Legal Temperature to Work Indoors

Talk to colleagues who are also at risk and remember that if you approach your employer together, you usually have more legal protection than if you file a complaint alone. You can also protect yourself with hard facts: a significant number cannot be given at the upper end of the scale due to high temperatures, for example in glassworks or foundries. In such environments, it is always possible to work safely, provided that appropriate controls are in place. Factors other than air temperature, i.e. radiation temperature, humidity and air velocity, are becoming more important and the interaction between them becomes more complex with increasing temperatures. Workplace temperature is one of the potential hazards employers face in order to comply with their legal obligations. Employers should consult with workers or their representatives to find effective ways to deal with high temperatures. “Globe Temperature” or “Tg” means the temperature measured by a thermometer with its sensor in a matte black sphere exposed to radiant heat, Vernon Globe or equivalent. Virginia is developing a standard to “reduce/eliminate injuries, illnesses and deaths due to excessive heat in indoor and outdoor workplaces.” Getting a cool welcome at work? Or do you feel warm under the collar in your work? In these cases, it is often workers outside, under a blazing sun, but there are many indoor situations with extreme heat: mines, foundries, even warehouses. In all of these cases, American workers are at risk. Workers in a cold environment risk hypothermia, lowering core body temperature to 95°F or lower.

This is the temperature below which bodily functions are impaired, and it occurs when the body loses heat faster than it can produce. It is extremely dangerous and requires aggressive but carefully monitored warm-up treatment. In practice, hypothermia in the workplace is not a problem unless the ambient temperature drops below 50 to 60°F. However, health problems such as high blood pressure, diabetes, hypothyroidism, circulatory problems or cardiovascular disease exacerbate a worker`s susceptibility to hypothermia. Older workers and those in poor physical condition may also be more vulnerable. While there is no hard and fast rule on office temperatures, OSHA is concerned about indoor air quality in offices and has issued several regulations to eliminate indoor air pollution. These regulations recommend that office temperatures be kept between 68 and 76 degrees Fahrenheit and humidity between 20 and 60%. In the past, OSHA has protected workers from extreme heat by using the general duty clause, a “catch-all provision” in the Occupational Health and Safety Act that requires employers to provide workplaces and workplaces free from recognized hazards, which previously included heat exposure. OSHA noted that in a 2019 case, A.H. Sturgill Roofing Co.

v. The Minister of Labour of the Occupational Safety and Health Review Board (SSHRC) has set a high bar for the application of the general duty clause in cases of exposure to heat and other potentially hazardous environmental conditions. In 2020, an OSHRC judge followed Sturgill and overturned five heat risk citations against the U.S. Postal Service because OSHA couldn`t rely on a National Weather Service guide to determine the severity of the heat. Dehydration can occur quickly in a cold work environment, so proper fluid practices are crucial. Whenever possible, work should be done in pairs so that workers can keep an eye on each other. Radiant radiators can be used and wind barriers reduce wind chill. Training on how to recognize and manage cold stress is also important and should be integrated into the health and safety programs of workplaces where cold is expected to work. OSHA does not set temperature control standards for businesses whose employees work outdoors, such as construction and landscaping.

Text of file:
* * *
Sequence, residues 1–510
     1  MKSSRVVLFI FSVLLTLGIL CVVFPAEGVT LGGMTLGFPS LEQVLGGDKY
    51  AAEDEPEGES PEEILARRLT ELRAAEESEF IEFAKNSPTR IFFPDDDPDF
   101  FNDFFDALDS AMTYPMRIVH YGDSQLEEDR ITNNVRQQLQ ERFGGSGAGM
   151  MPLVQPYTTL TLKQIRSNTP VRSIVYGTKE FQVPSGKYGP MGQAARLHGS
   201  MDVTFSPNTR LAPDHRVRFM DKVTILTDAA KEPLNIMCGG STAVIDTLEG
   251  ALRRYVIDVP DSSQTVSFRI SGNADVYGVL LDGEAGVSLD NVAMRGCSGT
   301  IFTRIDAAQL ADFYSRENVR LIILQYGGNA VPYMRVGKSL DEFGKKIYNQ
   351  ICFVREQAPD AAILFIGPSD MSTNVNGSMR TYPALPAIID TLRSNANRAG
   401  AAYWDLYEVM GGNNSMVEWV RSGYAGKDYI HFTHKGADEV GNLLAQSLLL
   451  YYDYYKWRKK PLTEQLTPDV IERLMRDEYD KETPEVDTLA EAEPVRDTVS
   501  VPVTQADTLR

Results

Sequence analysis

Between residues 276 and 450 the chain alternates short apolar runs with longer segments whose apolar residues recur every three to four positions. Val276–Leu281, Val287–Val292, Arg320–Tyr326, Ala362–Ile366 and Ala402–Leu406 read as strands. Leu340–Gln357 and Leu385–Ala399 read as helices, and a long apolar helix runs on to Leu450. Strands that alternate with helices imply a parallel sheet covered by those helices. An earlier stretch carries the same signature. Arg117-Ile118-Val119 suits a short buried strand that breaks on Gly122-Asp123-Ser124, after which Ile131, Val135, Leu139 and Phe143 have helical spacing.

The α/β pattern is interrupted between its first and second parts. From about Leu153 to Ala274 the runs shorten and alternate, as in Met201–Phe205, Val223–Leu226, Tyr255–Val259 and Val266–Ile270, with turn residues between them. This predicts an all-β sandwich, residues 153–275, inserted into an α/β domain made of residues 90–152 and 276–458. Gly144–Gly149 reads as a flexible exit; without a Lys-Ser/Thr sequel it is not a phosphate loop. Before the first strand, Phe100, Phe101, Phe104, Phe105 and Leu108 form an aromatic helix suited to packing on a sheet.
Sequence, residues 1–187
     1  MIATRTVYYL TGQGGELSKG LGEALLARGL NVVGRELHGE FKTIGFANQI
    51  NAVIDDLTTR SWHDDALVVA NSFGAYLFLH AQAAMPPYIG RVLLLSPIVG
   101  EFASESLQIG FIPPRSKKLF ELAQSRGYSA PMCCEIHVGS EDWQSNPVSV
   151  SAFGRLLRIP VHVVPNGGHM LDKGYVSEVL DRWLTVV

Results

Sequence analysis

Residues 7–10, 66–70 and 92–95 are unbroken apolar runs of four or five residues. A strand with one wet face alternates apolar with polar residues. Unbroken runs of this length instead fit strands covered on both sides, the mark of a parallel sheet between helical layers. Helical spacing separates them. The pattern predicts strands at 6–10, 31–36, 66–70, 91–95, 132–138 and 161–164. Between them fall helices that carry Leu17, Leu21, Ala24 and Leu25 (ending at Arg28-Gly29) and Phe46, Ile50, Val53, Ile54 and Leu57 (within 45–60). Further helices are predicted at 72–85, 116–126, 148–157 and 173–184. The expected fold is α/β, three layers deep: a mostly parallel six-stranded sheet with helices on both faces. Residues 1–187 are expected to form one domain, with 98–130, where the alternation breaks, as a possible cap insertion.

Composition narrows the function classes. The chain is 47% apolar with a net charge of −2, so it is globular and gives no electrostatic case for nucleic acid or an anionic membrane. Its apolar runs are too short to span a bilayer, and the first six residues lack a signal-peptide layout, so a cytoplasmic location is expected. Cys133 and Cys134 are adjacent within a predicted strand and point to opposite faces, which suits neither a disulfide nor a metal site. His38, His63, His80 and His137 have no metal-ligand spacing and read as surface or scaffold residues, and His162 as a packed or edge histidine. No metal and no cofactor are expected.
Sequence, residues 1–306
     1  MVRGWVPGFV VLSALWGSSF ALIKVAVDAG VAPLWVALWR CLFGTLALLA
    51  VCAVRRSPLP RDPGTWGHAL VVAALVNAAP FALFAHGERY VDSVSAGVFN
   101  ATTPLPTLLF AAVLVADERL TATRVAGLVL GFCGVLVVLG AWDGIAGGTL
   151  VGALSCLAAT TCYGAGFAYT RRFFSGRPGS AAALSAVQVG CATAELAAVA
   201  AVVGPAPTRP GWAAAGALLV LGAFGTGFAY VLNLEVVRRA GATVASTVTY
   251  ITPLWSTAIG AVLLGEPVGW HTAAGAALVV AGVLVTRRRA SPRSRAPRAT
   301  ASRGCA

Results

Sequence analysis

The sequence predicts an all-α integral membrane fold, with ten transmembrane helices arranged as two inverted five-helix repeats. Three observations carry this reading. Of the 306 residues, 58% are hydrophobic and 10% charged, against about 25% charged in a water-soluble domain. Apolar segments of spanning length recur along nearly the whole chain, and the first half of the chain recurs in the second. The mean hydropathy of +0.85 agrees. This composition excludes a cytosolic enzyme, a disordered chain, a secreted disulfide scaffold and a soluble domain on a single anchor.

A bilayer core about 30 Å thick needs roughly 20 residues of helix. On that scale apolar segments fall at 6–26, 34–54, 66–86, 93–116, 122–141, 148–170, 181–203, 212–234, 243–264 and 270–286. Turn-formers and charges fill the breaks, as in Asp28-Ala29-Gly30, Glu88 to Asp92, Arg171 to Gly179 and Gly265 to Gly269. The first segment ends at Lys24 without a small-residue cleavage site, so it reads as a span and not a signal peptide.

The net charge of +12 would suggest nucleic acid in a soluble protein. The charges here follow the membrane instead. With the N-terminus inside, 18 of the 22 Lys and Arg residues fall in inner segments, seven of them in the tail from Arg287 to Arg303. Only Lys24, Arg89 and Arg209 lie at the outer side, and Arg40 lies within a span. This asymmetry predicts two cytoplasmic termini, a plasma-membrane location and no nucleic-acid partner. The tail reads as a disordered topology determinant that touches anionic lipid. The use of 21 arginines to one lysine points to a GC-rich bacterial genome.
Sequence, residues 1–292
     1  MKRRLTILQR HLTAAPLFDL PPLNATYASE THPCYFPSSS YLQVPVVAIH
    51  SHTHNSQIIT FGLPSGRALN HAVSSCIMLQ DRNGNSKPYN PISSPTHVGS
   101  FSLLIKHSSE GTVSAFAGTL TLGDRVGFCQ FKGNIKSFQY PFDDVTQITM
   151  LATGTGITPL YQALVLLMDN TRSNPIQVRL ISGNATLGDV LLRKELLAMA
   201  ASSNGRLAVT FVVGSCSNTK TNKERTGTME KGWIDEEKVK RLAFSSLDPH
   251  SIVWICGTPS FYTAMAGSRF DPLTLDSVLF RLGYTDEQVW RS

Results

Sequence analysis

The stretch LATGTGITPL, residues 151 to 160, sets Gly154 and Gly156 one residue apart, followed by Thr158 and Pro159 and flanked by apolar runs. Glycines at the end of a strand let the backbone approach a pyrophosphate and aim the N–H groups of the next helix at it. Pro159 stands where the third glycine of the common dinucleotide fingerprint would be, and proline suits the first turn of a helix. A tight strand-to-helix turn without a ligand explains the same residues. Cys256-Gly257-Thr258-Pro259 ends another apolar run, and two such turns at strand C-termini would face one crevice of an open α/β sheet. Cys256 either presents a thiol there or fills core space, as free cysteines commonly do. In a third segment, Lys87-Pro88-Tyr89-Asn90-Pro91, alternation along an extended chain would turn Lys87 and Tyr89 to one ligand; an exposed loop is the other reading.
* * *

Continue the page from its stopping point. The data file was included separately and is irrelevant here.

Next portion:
The organization provides information, advice and resources to employers and workers in affected industries on the prevention of heat-related illness. Indoor workplaces must maintain a minimum air temperature of 60 degrees Fahrenheit during heavy work, unless process requirements prohibit it. If you work or plan to work in extreme temperatures, deal with symptoms of heat stress (hot, dry skin; Sweat; Hallucinations; high temperature; Confusion; and dizziness) and cold stress (tremors, fatigue, loss of coordination, blue skin, dilated pupils). If this happens to you or a co-worker, don`t wait to see if it gets worse: notify your supervisor, start first aid in cold or hot weather and, if indicated, call 911. The U.S. Department of Labor enforces federal laws and standards regarding workplace and employee safety. Within the DOL, the Office of Safety and Health Administration is the primary agency that oversees workplace regulation nationwide. OSHA`s recommendations for workplace air treatment set federal standards for temperature and humidity. Regardless of the size of the company, the minimum temperature for indoor workplaces is 68 degrees Fahrenheit and the maximum is 76 degrees Fahrenheit. In this example, a facility must calculate the WGBT and constantly monitor and adjust conditions based on the highest effort of workers in the work environment. Some manufacturers may find this level of calculation impractical due to different or changing production schedules and different outdoor heat conditions, especially during heat waves. If you find the temperature irritating (but not dangerous to your health), you should first know if your colleagues agree with you.